Joshua Wong, one of Hong Kong’s most renowned pro-democracy activists, vowed to fight the “long term battle” for the city’s freedoms after his surprise release from jail on Monday morning.
Mr Wong, 22, who became the face of the “Occupy” movement five years ago when he was just a teenager, was freed from the Lai Chi Kok Correctional Institute halfway through a delayed two month sentence for obstructing the clearance of a major protest camp during the 2014 mass protests.
The exact reasons for his release remain unconfirmed, but the timing suggests Hong Kong’s authorities may have been seeking to ease public tension after what may have been the city’s largest rally since 1989, when citizens flooded the streets in support of Tiananmen Square activists.
Protest groups on Sunday claimed that two million people had clogged the streets of the financial hub, demanding the resignation of Hong Kong leader Carrie Lam and the scrapping of a controversial extradition law that leaves citizens vulnerable to being renditioned into China’s opaque justice system.
Granting the freedom of a charismatic youth leader at a time when the grassroots protest movement is building momentum was an unusual move by the Lam administration.
But it perhaps indicated the government’s growing desperation to claw back public trust during one of Hong Kong’s worst political crises in decades.
The announcement of his release was made late on Sunday after Ms Lam issued a rare apology for misjudging the public’s views and pledged to “adopt a most sincere and humble attitude.”
Addressing a media scrum on the side of the road in fluent Cantonese, Mandarin and English, Mr Wong said he was ready to rejoin the frontlines of the pro-democracy movement and immediately echoed their demands for Ms Lam to step down.
If she did not do so before the 22nd anniversary in July of Hong Kong’s handover to China, even more people would throng the streets to “join our fight until we get our basic human rights and freedom.”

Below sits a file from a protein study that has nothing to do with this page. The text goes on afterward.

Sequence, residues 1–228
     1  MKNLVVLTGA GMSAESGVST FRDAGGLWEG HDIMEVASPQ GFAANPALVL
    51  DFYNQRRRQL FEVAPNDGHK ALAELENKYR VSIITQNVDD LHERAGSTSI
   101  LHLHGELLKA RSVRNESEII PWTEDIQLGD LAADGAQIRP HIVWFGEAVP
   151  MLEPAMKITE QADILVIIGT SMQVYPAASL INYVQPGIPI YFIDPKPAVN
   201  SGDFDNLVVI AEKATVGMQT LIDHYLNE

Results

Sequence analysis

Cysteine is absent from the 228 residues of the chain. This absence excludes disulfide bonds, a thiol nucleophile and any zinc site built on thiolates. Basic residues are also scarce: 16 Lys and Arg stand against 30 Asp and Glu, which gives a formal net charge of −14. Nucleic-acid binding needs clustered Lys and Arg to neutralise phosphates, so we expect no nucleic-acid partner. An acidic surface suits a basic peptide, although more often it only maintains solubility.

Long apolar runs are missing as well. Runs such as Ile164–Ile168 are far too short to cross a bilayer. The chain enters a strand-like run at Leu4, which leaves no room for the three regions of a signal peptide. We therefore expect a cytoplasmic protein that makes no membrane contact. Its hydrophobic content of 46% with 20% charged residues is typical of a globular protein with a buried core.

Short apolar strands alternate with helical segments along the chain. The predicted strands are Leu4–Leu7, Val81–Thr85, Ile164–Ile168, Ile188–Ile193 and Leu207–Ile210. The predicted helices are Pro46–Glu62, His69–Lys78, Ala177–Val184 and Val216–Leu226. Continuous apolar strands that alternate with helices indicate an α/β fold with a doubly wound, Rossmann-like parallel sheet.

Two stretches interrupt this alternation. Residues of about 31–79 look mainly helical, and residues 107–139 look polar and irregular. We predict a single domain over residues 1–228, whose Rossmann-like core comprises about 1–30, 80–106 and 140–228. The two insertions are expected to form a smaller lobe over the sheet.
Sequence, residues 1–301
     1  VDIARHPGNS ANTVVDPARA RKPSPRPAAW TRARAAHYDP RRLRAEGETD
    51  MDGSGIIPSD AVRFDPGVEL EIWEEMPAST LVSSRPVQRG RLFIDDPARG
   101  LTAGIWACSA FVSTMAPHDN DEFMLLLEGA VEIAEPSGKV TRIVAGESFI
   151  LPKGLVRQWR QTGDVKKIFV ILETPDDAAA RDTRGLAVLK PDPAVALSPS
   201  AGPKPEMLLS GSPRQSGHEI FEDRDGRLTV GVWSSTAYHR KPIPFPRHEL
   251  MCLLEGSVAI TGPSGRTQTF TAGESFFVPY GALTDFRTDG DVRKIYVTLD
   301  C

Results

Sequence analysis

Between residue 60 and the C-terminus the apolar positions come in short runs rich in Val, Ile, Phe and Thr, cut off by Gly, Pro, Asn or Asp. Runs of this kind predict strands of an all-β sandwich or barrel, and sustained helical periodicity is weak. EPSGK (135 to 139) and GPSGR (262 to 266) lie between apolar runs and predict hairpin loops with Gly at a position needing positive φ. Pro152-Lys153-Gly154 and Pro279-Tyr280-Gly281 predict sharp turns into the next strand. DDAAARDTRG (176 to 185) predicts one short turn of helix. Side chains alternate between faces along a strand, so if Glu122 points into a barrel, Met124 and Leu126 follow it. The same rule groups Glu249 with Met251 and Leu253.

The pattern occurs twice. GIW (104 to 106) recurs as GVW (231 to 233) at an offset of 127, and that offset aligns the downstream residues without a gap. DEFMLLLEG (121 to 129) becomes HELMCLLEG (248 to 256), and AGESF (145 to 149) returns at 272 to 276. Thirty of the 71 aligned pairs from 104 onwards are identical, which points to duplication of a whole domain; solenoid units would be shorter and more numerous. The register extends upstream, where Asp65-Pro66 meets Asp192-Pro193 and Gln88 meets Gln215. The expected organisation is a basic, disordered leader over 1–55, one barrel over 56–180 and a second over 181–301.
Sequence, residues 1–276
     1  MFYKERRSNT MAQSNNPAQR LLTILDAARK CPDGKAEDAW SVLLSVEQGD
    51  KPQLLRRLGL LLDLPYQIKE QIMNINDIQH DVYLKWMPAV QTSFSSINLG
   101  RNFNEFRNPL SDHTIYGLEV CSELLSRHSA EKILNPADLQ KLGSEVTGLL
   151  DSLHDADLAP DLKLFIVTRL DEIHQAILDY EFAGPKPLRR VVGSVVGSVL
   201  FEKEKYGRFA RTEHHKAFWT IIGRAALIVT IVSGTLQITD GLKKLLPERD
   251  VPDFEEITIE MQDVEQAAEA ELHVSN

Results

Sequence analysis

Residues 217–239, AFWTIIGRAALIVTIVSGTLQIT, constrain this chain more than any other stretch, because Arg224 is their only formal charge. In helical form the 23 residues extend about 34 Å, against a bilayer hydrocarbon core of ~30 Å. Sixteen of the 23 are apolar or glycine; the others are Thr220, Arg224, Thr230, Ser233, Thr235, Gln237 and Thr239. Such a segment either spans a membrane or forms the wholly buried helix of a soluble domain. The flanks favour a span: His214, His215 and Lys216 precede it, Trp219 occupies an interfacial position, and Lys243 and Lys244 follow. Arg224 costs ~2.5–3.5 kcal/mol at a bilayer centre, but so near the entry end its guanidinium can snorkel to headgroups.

Mr Wong praised the “spirit and dignity of the Hong Kong people” who have staged two massive demonstrations against the extradition bill within the past two weeks, the first on June 9, when organisers claimed one million marchers.
The cry to abolish the bill was only the start of the struggle, he said. “It is a long-term battle for us to fight for democracy under the suppression of the Communist party of China,” declared Mr Wong.
“What we are trying to do through civil disobedience and direct action is to let the whole world and the international community know that Hong Kong people will not keep silent under the suppression of President Xi and the Chief Executive Carrie Lam,” he added.
The strength of public opposition to the draft extradition law led to its indefinite suspension on Saturday followed by Ms Lam’s apology the next day when protesters failed to be placated.
Mr Wong was reluctant to declare a victory. “I have just recognised the achievement,” he said.
But Hong Kong’s most recent uprising, which has drawn support from a vast cross-section of its seven-million-strong population is in many ways a vindication of the perseverance of Occupy, also known as the “Umbrella” movement.
In 2014, they were eventually dispersed without achieving their objective of genuine universal voting to elect the city’s chief executive, but they appear to have inspired a younger generation of activists dedicated to fighting for their freedoms as their rights shrink under Chinese rule.
“In December 2014, during the final days of the Umbrella Movement, prominent signs proclaiming We’ll Be Back sprang up along Harcourt Road, one of the three major thruways occupied by peaceful pro-democracy protesters for nearly three months,” Mr Wong wrote from his prison cell last week in TIME.
“That promise was fulfilled when more than 1 million people took to the streets,” he said.